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Ventura Polishes 'Diamond in the Rough' : Influx of artists, young couples to The Avenue has put colorful district at a crossroads.

June 18, 1989|JESSE KATZ | Times Staff Writer

In the sunny seaside city of Ventura, known for its uncrowded beaches and pricey homes, only "The Avenue" fails to fit the mold.

This 20-block-long neighborhood, which flanks Ventura Avenue along the town's west side, has long housed a gritty stretch of oil-industry machine shops, low-rent bungalows and seedy taverns.

It is home to Ventura's only tattoo parlor, its only legal poker club and its only bar featuring bikini dancers. The Hells Angels keep their clubhouse nearby. Local gangs, such as Da Boys, paint the streets with graffiti. And homeless are drawn there to the only shelter providing showers for the poor.

But now, the rest of Ventura--a predominantly conservative, white, middle-class city of 90,000, about an hour northwest of Los Angeles--is beginning to see The Avenue as a diamond in the rough.

Young couples who had long avoided the area are buying homes there in the $160,000 to $170,000 range--a good $20,000 to $50,000 less than comparable dwellings in the town's more suburban-flavored east end.

Funky Charm

Artists, many of them attracted by The Avenue's funky charm, have begun to rent the vacant storefronts and old stucco bungalows to use as studio space.

Most imposing is the plan by the California State University to build a two-year extension campus for 2,000 to 3,000 students on a scenic bluff overlooking the neighborhood. City officials hope that the facility, which could be open by 1994, will bring new-found prestige and investment.

"The Avenue, for a long time, has been ignored," said Nicholas Deitch, a Ventura architect who lives on The Avenue. "Now that people are starting to pay attention, it's definitely at a crossroads."

For the poor and working-class families who have long made The Avenue their home, that juncture could signal a turn for the worse.

Rents Among the Lowest

While rents remain among the city's lowest, they're no bargain at about $500 a month. And the rapid increase in the resale value of homes, which shot up 28.4% in Ventura County last year, threatens what little refuge remains.

"There's just nowhere else for the poor to go," said Pat Driskell, executive director of Project Understanding, a nonprofit group that has purchased an old apartment building on The Avenue and plans to convert it into a shelter for homeless families.

Others, who see The Avenue as the only haven for diversity in an otherwise homogeneous town, also bemoan the changes. To them, the neighborhood is the last repository of homespun color, a community whose soul would be erased by a face lift.

"My concern is that it will lose its character and become white-bread, middle-class Americana," said Richard Peterson, director of the Ventura College art gallery, who in April launched a drive to sanction part of the neighborhood as a historical district.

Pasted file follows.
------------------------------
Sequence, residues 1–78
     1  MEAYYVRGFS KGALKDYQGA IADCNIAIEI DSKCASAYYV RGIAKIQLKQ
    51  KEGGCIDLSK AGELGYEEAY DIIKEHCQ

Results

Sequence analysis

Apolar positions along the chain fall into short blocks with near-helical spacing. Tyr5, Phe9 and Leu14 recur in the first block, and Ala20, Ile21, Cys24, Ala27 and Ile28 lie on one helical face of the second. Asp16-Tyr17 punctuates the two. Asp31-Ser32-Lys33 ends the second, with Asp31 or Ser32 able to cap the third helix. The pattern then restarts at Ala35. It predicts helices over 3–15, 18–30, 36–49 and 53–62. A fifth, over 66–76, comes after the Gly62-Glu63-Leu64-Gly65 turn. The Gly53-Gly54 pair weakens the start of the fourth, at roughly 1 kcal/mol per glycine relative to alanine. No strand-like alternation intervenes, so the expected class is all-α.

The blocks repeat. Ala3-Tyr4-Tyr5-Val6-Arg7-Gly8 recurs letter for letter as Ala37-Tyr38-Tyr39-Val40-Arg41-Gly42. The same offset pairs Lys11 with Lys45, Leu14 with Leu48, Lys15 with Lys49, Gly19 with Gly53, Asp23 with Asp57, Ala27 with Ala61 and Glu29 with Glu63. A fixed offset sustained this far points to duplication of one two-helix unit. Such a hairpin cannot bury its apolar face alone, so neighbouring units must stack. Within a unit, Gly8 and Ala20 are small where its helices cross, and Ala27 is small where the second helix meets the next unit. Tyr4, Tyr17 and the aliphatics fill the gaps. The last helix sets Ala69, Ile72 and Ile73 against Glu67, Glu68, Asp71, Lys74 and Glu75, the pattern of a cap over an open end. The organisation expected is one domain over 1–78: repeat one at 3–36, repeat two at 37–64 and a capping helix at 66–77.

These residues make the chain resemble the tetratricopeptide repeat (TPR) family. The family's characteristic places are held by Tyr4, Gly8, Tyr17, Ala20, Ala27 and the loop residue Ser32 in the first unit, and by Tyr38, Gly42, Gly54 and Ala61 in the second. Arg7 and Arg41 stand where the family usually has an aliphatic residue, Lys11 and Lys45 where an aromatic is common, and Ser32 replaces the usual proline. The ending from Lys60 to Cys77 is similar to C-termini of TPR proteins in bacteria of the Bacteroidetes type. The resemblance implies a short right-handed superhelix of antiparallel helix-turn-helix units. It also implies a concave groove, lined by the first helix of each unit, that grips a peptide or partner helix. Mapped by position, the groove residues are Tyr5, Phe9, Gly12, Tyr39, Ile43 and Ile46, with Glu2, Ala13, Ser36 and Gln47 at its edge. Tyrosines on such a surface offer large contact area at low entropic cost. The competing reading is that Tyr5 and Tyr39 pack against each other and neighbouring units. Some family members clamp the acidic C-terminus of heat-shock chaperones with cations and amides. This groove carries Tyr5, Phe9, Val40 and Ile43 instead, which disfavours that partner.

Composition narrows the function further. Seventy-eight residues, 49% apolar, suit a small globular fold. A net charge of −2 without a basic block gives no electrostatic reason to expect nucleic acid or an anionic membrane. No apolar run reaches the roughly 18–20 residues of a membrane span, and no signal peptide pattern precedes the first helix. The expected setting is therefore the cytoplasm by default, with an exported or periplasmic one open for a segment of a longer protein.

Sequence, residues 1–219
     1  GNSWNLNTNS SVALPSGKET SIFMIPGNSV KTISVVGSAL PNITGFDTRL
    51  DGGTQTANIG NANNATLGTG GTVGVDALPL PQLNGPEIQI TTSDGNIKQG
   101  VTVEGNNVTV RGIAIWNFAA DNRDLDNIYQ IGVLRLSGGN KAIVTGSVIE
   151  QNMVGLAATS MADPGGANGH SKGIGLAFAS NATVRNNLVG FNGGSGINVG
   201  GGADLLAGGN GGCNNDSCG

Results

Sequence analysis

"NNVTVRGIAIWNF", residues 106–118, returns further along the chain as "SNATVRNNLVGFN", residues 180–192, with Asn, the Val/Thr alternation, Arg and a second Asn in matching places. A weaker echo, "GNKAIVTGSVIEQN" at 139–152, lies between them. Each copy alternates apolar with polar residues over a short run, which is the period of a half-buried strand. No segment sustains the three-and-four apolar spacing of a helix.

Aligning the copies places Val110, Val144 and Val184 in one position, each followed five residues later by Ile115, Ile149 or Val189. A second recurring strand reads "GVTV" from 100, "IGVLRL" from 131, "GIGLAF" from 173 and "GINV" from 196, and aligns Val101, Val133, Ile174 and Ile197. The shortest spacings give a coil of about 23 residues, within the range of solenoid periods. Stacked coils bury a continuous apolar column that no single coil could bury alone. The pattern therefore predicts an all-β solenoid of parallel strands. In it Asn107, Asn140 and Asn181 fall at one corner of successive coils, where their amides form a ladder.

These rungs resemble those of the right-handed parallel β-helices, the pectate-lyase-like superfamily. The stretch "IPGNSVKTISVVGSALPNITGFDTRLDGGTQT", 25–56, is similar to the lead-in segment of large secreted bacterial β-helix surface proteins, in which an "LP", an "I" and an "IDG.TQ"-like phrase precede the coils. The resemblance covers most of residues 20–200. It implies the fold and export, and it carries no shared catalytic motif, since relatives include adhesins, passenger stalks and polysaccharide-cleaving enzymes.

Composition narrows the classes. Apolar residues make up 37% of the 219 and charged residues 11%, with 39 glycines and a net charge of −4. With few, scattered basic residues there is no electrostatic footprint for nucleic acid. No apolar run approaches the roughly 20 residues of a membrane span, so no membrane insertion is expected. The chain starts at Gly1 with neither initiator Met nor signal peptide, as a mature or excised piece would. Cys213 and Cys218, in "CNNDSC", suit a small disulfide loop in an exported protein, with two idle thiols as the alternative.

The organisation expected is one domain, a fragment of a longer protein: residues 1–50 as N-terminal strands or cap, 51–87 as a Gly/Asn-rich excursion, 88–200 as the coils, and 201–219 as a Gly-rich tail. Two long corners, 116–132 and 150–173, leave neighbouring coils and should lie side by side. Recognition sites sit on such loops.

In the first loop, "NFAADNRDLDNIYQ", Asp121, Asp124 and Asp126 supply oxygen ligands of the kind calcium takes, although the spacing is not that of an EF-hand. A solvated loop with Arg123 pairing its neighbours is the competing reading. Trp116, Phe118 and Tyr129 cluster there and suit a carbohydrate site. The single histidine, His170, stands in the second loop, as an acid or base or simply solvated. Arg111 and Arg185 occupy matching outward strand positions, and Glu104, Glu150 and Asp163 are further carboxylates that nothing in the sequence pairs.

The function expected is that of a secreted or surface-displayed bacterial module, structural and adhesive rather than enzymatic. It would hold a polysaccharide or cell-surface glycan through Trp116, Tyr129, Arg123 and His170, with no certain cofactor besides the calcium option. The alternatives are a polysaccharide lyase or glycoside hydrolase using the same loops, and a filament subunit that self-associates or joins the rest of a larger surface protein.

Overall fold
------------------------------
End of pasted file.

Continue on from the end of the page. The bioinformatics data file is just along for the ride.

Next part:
But to others, who have seen The Avenue as an unprofitable eyesore ever since production in the surrounding oil fields began its steady decline 25 years ago, the renewed interest is a welcome sign.

Many residents, in fact, have rallied against Project Understanding's proposed shelter as an unsavory and inappropriate addition to a neighborhood on the verge of respectability.

They prefer such recent developments as the Mission Plaza, a 102,000-square-foot shopping center built at The Avenue's southern tip in 1984 with the help of the city's Redevelopment Agency. Or the 101 pink Mediterranean-style homes in the Brock Hills Paseo Del Mar tract that sold quickly last year for about $200,000 each at The Avenue's north end.

Most of all, investors are banking on the 465-acre Cal State campus, which college officials say might someday be expanded into a four-year university for several thousand more students. Although the owners of the property, known as Taylor Ranch, just north of U.S. 101 and west of California 33, have declined to sell, the Cal State Board of Trustees on May 17 voted to acquire the land, even if that entails obtaining it through eminent domain.

"It's the only area left where you can still afford to buy something and turn it into a lucrative profit," said Gary Waltz, a Ventura realtor who works with small developers and investors. "But like in the rest of Ventura, that will eventually disappear too."

A stroll down Ventura Avenue serves as a reminder that much of the rough-hewn neighborhood has yet to be touched by upscale investment. In fact, a portion of The Avenue has the lowest median household income, estimated at $14,310 last year, of any census tract in Ventura County, where the median was $36,648.

In Business 45 Years

Avenue Hardware, owned by the same family for 45 years, is still selling such necessities as small-game traps, cast-iron frying pans, old-time washboards and gold-panning sluices. Salty bars with names like The Derrick Room and The Rock House are still in business. And the old B-Z Market still allows customers to pay their phone and utility bills at the checkout stand.

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